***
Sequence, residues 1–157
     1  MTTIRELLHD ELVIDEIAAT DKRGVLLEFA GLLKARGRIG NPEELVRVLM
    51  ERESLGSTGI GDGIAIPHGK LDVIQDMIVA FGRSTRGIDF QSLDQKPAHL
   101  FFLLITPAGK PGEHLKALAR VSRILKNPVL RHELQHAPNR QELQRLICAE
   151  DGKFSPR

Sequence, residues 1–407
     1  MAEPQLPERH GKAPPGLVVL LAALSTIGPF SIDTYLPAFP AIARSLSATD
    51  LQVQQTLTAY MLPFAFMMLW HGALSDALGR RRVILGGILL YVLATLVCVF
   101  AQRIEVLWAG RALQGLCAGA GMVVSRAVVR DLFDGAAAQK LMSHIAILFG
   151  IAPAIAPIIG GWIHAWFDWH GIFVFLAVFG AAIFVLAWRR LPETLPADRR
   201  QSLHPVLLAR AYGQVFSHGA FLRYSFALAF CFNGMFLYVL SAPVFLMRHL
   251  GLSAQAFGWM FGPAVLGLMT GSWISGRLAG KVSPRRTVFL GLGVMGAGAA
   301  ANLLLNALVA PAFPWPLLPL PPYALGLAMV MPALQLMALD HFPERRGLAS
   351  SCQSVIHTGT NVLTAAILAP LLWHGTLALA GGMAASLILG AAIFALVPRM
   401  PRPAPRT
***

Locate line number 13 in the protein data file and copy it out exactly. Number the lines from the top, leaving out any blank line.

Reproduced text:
   301  ANLLLNALVA PAFPWPLLPL PPYALGLAMV MPALQLMALD HFPERRGLAS